Sean K. Cureton

Recommendation of the Week: Sleepwalk With Me (2012)

In Movies on VOD: Recommendation of the Week on September 28, 2013 at 12:58 pm

Theatrical Poster

Sleepwalk With Me (2012)
Directed by Mike Birbiglia and Seth Barrish
Netflix Rating: Liked It

Sleepwalk With Me is a 2012 comedy starring, written, and directed by stand up comedian Mike Birbiglia. Based in part on his own life experiences, an off-Broadway one-man show of the same name, as well as various bits from his past stand up material, Birbiglia’s first foray into motion pictures is a pleasant surprise, which proves to be just as eccentrically charming as Birbiglia’s stand up comedy. Produced and co-written by NPR’s Ira Glass, Sleepwalk With Me is unsurprisingly about how we tell stories about our own lives, focusing on how we view ourselves in relation to our own actions, those affected by our actions, as well as any lasting after effects. For Birbiglia, his own story has to do with his attempts to escape a marriage which he feels impelled to undergo by his parents and extended family, seeking the release offered by stand up comedy to come clean about his own insecurities and personal failings. In the process, an oddball comedy ensues, filled to the brim with surreal dream sequences, repressed desires, and a dangerous bout of sleepwalking.

Following in the tradition of such comedian-turned-filmmakers as Louis C.K. and Larry David, Mike Birbiglia’s film is a rough approximation of his actual personality, fictionalized to a certain extent through the use of another name. In the film, Mike Birbiglia becomes Matt Pandamigilo, and such famous comics as Marc Maron are rechristened with names like Marc Mulheren, which serves to lessen the otherwise immediate truthfulness of the story, turning the film into more of a fantastic anecdote than heartfelt apologetic. However, in contrast to such television shows as C.K.’s Louie or David’s Curb Your Enthusiasm, Sleepwalk With Me also maintains much of the structuring and rhetoric employed in the stand up material from which much of the film’s plot has been culled. Rather than acting as another form of artistic expression meant to express a viewpoint fundamentally different from what can be expressed through stand up comedy, Birbiglia’s film is structured in the same style as Birbiglia’s one-man shows. Thus, Sleepwalk With Me feels like a cinematic rendering of a stand up set, as opposed to the sitcom-level exaggerated oddball antics of David on Curb, or the existentially ridiculous wanderings of C.K. on Louie.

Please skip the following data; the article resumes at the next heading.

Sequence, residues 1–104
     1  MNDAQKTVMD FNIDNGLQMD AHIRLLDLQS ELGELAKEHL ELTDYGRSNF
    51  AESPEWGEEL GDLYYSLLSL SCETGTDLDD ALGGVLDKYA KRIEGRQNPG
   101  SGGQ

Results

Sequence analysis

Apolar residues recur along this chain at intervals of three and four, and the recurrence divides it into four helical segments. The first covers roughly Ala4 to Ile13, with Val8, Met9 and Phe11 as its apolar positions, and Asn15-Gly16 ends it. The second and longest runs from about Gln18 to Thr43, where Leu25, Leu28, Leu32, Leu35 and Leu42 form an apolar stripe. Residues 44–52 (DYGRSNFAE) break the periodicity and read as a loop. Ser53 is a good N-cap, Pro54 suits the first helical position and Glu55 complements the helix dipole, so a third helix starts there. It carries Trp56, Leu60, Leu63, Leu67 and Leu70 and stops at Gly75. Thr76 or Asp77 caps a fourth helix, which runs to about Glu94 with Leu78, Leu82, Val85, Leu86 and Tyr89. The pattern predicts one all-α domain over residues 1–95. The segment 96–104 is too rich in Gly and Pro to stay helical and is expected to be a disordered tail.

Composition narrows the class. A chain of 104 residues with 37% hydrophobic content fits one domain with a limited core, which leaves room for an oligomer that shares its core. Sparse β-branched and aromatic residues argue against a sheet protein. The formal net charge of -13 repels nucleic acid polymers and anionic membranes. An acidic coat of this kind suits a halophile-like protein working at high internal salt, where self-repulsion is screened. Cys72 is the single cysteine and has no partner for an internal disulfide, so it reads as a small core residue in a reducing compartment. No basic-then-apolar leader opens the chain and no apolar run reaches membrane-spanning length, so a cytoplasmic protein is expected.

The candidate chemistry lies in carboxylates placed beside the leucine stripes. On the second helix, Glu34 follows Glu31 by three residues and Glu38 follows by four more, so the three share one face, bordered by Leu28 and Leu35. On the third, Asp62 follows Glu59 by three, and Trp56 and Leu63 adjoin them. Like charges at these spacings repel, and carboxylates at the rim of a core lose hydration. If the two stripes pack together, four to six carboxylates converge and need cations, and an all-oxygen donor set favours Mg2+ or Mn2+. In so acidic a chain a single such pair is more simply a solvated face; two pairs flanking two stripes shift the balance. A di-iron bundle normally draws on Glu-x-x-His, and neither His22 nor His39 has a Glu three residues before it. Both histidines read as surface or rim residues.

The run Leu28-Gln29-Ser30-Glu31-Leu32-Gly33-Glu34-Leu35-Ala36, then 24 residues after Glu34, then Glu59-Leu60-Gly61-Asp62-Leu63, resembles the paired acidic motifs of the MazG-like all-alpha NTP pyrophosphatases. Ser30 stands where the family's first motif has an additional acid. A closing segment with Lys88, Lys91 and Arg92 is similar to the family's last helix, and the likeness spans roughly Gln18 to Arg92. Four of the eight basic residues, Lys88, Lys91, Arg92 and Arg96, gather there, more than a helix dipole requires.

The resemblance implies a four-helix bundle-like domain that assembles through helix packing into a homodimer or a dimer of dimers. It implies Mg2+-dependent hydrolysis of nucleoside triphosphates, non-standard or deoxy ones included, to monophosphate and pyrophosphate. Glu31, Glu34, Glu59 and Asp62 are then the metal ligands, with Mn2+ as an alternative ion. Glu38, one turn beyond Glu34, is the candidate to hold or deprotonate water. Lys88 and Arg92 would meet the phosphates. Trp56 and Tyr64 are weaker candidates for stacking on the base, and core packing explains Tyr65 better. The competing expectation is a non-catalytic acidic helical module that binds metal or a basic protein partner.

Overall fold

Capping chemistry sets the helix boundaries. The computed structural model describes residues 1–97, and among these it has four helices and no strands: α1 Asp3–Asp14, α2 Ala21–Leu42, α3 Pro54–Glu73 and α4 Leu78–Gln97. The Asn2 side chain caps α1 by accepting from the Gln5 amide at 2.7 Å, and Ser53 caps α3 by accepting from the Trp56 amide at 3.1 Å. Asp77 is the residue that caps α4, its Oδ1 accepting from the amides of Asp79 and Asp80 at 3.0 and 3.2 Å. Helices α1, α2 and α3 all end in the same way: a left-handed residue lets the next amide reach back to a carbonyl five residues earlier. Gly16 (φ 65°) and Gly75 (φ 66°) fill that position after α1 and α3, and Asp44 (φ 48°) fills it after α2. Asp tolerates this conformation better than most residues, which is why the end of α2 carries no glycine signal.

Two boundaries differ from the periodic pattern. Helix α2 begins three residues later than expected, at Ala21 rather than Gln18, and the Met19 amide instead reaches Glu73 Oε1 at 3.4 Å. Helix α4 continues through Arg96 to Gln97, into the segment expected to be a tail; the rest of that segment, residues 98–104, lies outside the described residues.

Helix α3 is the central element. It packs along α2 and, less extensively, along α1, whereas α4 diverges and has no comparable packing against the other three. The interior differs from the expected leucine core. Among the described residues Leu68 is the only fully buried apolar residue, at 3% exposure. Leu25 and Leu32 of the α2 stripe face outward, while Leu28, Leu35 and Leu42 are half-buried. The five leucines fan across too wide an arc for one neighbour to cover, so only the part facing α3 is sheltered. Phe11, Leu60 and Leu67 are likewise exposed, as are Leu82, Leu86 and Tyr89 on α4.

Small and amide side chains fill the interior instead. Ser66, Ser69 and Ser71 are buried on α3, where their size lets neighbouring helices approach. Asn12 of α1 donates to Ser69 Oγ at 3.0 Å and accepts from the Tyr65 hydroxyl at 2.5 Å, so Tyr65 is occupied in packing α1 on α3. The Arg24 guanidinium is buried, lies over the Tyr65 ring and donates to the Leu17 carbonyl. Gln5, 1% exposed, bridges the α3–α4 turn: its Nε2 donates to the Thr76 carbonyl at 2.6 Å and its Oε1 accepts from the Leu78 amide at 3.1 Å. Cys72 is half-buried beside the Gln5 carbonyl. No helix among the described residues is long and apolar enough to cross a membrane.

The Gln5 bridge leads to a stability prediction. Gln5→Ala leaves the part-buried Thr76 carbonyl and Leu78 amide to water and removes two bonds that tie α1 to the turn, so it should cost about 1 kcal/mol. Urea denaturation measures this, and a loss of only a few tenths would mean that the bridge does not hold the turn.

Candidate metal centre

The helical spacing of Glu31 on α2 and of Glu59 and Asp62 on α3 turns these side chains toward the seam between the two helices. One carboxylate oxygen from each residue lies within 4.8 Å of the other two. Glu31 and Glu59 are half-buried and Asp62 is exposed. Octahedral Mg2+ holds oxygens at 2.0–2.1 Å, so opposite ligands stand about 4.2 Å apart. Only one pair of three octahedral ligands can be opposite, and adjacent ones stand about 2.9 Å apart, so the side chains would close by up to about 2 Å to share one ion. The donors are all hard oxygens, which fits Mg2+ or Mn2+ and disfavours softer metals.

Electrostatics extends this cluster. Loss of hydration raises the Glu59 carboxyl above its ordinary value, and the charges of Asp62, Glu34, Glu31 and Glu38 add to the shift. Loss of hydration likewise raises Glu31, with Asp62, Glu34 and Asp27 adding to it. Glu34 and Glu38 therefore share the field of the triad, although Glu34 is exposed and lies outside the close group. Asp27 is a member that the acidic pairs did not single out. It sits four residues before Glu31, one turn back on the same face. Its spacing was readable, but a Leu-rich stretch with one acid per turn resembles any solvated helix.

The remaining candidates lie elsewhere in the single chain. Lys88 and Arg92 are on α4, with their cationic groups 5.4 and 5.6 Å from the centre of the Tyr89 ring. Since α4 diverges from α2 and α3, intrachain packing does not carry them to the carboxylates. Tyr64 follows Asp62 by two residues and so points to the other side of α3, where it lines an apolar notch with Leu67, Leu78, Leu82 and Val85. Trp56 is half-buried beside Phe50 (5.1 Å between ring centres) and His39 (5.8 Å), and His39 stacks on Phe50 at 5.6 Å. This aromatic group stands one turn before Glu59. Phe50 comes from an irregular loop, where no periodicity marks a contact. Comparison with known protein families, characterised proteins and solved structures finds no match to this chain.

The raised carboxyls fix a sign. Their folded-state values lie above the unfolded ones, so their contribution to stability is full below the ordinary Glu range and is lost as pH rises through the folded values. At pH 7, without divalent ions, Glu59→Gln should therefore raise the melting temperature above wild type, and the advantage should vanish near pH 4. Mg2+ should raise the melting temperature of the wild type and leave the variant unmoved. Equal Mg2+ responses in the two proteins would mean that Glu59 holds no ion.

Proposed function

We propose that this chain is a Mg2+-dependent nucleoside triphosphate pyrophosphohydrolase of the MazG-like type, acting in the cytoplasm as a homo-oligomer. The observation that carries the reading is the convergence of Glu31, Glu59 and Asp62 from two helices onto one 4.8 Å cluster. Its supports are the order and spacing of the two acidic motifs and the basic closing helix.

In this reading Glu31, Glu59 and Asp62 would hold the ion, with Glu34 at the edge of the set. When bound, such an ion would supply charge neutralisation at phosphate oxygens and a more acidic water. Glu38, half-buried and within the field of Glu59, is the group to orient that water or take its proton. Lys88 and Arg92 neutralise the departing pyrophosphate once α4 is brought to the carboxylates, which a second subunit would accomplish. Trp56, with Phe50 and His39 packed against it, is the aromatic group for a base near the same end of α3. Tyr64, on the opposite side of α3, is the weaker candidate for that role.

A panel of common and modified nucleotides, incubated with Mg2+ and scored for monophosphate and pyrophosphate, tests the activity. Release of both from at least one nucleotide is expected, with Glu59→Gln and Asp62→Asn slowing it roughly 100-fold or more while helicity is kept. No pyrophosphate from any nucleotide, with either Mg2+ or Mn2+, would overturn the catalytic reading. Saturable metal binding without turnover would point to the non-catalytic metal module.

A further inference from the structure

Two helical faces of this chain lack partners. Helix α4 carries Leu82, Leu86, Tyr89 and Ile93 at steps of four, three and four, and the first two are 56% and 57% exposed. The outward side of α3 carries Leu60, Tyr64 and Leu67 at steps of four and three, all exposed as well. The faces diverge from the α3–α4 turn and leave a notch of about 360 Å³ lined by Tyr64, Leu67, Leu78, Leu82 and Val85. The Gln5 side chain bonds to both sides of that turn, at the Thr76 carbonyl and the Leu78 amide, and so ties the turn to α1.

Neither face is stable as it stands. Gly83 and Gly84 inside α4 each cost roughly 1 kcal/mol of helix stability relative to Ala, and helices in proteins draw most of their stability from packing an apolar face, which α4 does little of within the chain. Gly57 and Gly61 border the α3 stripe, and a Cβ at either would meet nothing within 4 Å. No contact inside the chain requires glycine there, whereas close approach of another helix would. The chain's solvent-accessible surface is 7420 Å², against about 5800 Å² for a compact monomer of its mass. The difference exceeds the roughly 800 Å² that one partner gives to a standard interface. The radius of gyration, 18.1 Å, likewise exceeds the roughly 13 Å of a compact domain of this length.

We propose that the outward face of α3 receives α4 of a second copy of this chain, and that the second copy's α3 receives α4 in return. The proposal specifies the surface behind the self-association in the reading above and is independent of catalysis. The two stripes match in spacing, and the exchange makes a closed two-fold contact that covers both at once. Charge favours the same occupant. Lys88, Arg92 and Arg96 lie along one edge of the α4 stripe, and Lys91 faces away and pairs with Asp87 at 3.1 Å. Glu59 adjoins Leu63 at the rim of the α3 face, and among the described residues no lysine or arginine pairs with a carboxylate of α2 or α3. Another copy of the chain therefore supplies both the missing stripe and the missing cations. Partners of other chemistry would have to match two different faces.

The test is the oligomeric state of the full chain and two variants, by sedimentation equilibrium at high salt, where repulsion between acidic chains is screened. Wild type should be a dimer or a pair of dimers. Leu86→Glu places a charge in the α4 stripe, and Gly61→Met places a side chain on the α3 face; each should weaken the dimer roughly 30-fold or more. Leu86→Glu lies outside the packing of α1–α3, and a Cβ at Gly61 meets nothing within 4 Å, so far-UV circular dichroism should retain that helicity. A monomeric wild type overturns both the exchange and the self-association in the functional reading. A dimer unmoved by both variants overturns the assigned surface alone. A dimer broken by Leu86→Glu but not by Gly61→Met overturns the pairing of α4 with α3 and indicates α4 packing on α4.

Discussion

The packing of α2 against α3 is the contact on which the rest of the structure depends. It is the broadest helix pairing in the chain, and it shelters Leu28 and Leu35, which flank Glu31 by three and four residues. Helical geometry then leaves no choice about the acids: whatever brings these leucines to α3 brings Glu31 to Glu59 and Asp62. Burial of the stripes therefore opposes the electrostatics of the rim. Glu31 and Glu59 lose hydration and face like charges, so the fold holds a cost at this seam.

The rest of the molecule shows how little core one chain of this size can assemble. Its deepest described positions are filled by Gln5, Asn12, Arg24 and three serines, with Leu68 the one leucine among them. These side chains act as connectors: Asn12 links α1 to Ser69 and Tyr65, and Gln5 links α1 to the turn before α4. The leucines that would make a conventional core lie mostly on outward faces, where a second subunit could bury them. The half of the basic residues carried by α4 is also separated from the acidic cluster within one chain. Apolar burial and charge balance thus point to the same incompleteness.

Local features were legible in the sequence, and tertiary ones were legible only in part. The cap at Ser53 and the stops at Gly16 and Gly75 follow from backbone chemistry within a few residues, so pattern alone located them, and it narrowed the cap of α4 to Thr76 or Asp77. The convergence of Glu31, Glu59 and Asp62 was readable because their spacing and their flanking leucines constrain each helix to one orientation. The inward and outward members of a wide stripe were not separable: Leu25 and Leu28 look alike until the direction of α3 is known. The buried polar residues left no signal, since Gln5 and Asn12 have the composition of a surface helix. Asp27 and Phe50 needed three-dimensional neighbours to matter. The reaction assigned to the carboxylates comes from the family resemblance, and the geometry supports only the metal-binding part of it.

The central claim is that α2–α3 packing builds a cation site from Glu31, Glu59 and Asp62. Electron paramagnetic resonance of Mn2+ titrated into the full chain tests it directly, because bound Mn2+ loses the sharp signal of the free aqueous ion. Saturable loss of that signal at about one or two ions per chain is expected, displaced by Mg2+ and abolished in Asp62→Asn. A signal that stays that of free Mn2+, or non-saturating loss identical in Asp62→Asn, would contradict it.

Nevertheless, the ways in which Birbiglia has transformed his stand up material almost directly, and at times verbatim, into the cinematic form often comes off as feeling redundant of what he has already said. Instead of offering some new insight into the events that transpire over the course of the film, Birbiglia rehashes old bits and gags without any of their previous luster and bite. While the performances from such comic greats as Carol Kane, playing Birbiglia’s mother, or the stunning turn from Six Feet Under’s Lauren Ambrose as a former girlfriend reinvigorate Birbiglia’s story with a new vibrancy and set of voices, the underlying themes and points of argument remain the same. Instead of bringing new life to Birbiglia’s material, Sleepwalk With Me seems to bury much of Birbiglia’s better intentions under layers of overused theatrics and tired reminiscences. While the film is still a joy to watch and maintains a lot of the emotional honesty of Birbiglia’s original material, it often feels stillborn, lacking the sort of motivation and purpose that permeates Birbiglia’s stand up.

And yet, despite the inherent redundancy of Sleepwalk With Me’s subject matter and plot, Mike Birbiglia’s first feature film is still a solid comedy. The characters bump into each other in ways that are to be expected, they do silly, and often stupid, things to one another and themselves, and the ending is predictably uplifting, even if it doesn’t end in a marriage. Fans of Birbiglia’s stand up act will be sure to find a lot to enjoy, even if much of their enjoyment will rely chiefly in waiting for different one liners and plot points that they already know by heart. Sleepwalk With Me is a well made movie that examines the stand up comedian with a subtle intimacy, even if a more probing approach may have revealed a little more about the film’s subject. All in all, Birbiglia and co-writer Ira Glass have made an incredibly charming indie film, even if its charm outstays its welcome at times.

Sleepwalk With Me is available on Netflix Instant View, and is my Movies on Netflix: Recommendation of the Week.


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